Newsstand Menu

The status of autism research—in verse

photo of Michael Wigler in his office
Michael Wigler discussing his research in his office at Cold Spring Harbor Laboratory in January 2020.
Print Friendly, PDF & Email
Spectrum News logo Wigler summed up his view of how the autism research field is doing in this poem, ‘Genetics for poets,’ originally published in Spectrum News on June 27, 2017.

Where do we stand in our understanding of autism genetics—and what major questions remain? A molecular biologist, supplies answers in stanzas.

where have we gotten to from genetic analysis?
a. an understanding of the genetic architecture
i. role of de novo mutation
ii. role of transmission
b. a bevy of target genes
c. estimates of target size
d. the concept of gene vulnerability
e. awareness of genetic-phenotypic correlations
f. understanding of noncoding variants
g. beginnings of understanding of gender roles

what can we do with it?
a. inform our understanding of the genetic basis of autism
b. diagnosis and counseling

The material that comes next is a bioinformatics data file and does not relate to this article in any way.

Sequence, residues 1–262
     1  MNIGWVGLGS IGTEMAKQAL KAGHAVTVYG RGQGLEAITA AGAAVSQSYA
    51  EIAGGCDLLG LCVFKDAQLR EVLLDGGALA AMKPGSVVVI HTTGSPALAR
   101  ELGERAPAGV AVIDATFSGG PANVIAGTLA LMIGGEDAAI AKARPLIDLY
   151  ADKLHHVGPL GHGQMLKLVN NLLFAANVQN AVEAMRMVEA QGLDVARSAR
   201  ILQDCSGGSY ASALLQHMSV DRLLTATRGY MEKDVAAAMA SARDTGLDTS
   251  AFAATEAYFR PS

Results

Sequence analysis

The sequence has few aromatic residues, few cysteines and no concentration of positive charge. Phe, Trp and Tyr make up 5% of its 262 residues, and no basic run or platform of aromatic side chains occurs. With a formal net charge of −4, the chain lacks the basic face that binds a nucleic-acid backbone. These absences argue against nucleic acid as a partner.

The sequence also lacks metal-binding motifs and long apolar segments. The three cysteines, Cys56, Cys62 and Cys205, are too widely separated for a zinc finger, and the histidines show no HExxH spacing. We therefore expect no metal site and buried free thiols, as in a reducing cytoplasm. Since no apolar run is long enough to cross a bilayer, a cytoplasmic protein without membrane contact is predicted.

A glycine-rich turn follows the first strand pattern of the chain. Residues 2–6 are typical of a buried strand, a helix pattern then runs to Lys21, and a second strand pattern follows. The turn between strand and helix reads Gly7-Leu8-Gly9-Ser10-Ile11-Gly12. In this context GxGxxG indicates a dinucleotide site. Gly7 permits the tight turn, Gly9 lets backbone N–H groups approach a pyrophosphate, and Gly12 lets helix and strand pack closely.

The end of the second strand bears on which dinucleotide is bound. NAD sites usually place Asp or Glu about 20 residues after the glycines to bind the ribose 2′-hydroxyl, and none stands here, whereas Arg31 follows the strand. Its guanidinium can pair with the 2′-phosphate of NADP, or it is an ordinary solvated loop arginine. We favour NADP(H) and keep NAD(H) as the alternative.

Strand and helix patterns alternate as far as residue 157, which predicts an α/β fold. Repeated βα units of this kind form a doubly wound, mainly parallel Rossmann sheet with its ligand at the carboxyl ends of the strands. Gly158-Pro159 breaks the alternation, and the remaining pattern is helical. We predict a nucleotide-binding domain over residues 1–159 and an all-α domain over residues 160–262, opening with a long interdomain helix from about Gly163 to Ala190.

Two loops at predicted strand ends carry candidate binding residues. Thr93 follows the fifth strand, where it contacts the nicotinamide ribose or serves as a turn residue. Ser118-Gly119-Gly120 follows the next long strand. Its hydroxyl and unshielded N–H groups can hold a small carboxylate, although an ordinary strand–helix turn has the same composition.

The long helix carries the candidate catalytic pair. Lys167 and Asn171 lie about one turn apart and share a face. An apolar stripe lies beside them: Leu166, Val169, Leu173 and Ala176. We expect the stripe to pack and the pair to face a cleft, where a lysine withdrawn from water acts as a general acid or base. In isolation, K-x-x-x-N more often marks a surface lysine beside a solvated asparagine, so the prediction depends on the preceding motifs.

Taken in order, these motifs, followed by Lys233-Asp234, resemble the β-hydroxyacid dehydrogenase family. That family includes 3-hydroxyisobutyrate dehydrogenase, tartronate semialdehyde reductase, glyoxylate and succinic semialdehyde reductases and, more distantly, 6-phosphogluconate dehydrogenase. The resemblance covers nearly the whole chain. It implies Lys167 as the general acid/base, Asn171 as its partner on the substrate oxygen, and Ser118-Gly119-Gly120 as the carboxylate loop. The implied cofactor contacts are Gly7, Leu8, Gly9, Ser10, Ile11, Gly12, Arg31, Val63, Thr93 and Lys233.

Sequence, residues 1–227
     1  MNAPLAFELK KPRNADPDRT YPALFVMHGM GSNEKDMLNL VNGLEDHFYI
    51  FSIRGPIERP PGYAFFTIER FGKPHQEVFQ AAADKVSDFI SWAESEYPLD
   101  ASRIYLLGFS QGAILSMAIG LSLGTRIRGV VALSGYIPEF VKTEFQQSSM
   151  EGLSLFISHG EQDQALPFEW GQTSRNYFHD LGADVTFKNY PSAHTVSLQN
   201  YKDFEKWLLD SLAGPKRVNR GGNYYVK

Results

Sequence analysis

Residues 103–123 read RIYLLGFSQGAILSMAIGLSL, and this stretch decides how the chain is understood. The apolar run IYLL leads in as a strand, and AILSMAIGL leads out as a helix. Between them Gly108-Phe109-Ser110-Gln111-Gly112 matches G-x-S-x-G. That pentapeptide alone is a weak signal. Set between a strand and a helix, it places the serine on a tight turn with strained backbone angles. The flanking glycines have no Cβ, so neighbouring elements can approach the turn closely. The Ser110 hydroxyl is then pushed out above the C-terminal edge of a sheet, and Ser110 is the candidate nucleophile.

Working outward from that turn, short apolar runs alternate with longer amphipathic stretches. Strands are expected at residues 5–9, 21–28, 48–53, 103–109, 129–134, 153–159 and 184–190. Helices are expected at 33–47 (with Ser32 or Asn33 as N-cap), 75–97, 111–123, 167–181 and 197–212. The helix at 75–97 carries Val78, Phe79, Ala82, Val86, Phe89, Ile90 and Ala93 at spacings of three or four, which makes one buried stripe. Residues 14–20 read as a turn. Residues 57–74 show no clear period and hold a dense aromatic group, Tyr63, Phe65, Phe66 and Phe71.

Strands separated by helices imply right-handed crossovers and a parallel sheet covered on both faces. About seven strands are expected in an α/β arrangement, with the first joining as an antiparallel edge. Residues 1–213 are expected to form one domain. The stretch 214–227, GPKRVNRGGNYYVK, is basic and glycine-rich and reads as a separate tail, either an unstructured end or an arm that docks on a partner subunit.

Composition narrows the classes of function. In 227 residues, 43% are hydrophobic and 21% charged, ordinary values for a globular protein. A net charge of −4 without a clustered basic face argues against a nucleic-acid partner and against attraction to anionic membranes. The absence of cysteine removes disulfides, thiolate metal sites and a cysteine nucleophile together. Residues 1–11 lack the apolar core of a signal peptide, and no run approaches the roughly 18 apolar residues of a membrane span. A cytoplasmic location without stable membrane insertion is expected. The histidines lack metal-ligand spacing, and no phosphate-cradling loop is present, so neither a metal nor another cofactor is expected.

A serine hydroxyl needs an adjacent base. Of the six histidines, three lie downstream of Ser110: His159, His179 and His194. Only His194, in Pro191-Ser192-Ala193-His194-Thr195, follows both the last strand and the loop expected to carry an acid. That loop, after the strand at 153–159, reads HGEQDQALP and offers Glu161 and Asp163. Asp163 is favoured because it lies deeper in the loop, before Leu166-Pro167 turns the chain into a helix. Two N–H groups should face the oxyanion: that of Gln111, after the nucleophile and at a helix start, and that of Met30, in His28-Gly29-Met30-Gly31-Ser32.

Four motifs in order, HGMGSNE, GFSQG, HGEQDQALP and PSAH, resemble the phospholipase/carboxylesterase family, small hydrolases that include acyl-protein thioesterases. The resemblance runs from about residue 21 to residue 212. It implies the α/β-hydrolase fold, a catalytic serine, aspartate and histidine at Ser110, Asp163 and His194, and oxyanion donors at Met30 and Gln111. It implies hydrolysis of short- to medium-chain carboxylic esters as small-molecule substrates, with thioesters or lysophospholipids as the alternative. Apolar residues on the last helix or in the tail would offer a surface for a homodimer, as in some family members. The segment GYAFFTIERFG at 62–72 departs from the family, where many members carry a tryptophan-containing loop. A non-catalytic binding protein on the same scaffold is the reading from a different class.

c. develop individualized therapies
d. inspire therapies tested by stratification

is this the end of the road?
a. hardly, not complete at gene target level
b. hardly, crack the noncoding and missense mutations
c. hardly, architecture not completely specified, especially the nature of multiplex autism
d. hardly, no modifiers known
e. hardly, no sensible functional stratification

what is to be done?
a. continue to gather information
b. aggregate by functional overlap
c. stratify treatment by functional overlap
d. develop understanding of gender modifiers

Written by: Michael Wigler, CSHL Professor

Stay informed

Sign up for our newsletter to get the latest discoveries, upcoming events, videos, podcasts, and a news roundup delivered straight to your inbox every month.

  Newsletter Signup


Michael Wigler

Michael Wigler

Russell and Janet Doubleday Professor of Cancer Research
Cancer Center Member
Ph.D., Columbia University, 1978